The nail torture oasis



Then all out to the airport to board a flight to Hanoi, Vietnam for the next chapter of the adventure….

Thursday, February 16, 2012

Mother Who Works: Stepping Off

Mother Who Works: Stepping Off: We'll get back to the trip , but in the meanwhile, I have some news; after nearly 12 years at my current agency - a quarter of my life! - I ...

Stepping Off

We'll get back to the trip, but in the meanwhile, I have some news; after nearly 12 years at my current agency - a quarter of my life! - I resigned and finish tomorrow.

Yes, some would think it foolish to pack in my job in the face of an inevitable recession, but I have. And my god it's liberating!! I feel 10kg lighter and I've barely dropped a gram.

I'm on FebFast so no alcohol for the month (I did buy a pass out for my leaving lunch...) but that's been fine as I have been drunk on resignation!!! I just hope I'm still feeling as euphoric come June.

I think my status as Mother Who Works can stay though - even though I have no specific employment ahead of me, I'd best be cracking on and finding something that pays if I want to continue with those holidays. I'm not entirely sure what I will do, but never the less, I'm sure I'll be busy. (My colleague Brett suggested my theigh-high heeled boots have 'income' written all over them...thanks Brett.)

It's the end of an era - 12 years here and 25 in big agency land, but gut instinct tells me the time has come to move on.

So as a tribute to this amazing place, here's a few things I'm going to really miss:

  • The real cafe coffee machine that makes a latte as good as any you can buy
  • The man who comes to wash your car while it's parked in the car park (yes, we pay, but by god it's convenient)
  • All the very nice looking boys (in an appreciative way, not a creepy way!!!)
  • The vibrant and dynamic environment
  • Soula - who always bends over backwards to help me - professionally and personally
  • My crew - ladies, you know who you are
  • Lunch out - from pubs to fancy restaurants - I find my colleagues excellent company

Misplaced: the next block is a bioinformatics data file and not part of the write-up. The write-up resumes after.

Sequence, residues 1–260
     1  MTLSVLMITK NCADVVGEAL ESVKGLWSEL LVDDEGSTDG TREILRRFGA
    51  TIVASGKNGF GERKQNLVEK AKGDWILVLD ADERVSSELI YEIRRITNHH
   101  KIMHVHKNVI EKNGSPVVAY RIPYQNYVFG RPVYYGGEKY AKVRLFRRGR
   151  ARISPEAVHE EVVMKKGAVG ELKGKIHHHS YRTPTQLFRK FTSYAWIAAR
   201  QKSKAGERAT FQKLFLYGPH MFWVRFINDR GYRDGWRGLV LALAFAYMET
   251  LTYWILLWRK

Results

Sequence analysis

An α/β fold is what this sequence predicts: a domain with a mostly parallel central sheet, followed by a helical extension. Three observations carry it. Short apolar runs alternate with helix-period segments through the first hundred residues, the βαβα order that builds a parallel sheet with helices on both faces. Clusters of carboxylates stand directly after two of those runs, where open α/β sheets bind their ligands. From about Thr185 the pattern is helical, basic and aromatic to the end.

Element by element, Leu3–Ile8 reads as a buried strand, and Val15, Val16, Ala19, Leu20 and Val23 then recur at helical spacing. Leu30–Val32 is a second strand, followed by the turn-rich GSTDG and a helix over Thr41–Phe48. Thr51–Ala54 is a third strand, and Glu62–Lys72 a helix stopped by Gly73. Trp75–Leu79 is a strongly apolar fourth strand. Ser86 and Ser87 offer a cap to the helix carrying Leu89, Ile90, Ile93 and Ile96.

• George in despatch who brightens my mornings with his 'hello!'
  • Lena the cleaner who I see far too often as she starts cleaning - supposedly after we've left
  • James who'll make me a coffee when I've been rushing in back to back meetings and I really should be making my own!
  • The intellectual debate
  • The creative environment
  • The pride of telling people where I work - the brand of this place is awesome
  • Perhaps surprisingly, the CFO
  • And not surprisingly, my boss the CEO 
So, there you have it!

Stay tuned for the adventures ahead - and back to the trip shortly.

MWWx

Sunday, February 12, 2012

The Trip - Part VI


In Luang Prabang we visited a centre on ethic minorities in the Laos region, which dedicated much of its information to courtships rituals, and boy, there were a couple of absolute rippers.

One in involves the interested girl to weave a basket then pop in a cooked chicken (I'm suspecting not from the supermarket!) and have it delivered to the house of her crush. If the family think her weaving skills are sufficiently, well, skillful they send the basket back with things like bangles, needles and coins as their indication that it’s all on. You can imagine that would be anxious couple of days, with some besotted teenager, checking for the return of the basket every few minutes. And what happens if it never comes back? I was unclear what the waiting period is before all hope of a hook up is dashed.

For another tribe, it’s up to the potential mother-in-law to assess the needle skills of a potential spouse for her son, again to see if she’s sufficiently skillful, but in this case specifically for the task of making the mother-in-law's funereal attire - how joyous!

Check out this gorgeous little guy!
Our guide, Khom Sing is from the Hmong hill tribe, who had for centuries lived a fairly subsistant existence in the jungle with the help of their key cash crop – opium. That was until the government outlawed its cultivation. It's a decision I don't necessarily condone; after all, Tasmania produces opium for the legitimate (as opposed to recreational) pharmaceutical  market. But the result of this has been devastating for the Hmong people. They have moved their villages to the edges of main roads where they pedal their rather crappy and dirty souveniers – of which we of course purchased plenty! They are desperately poor and there are beautiful kids everywhere.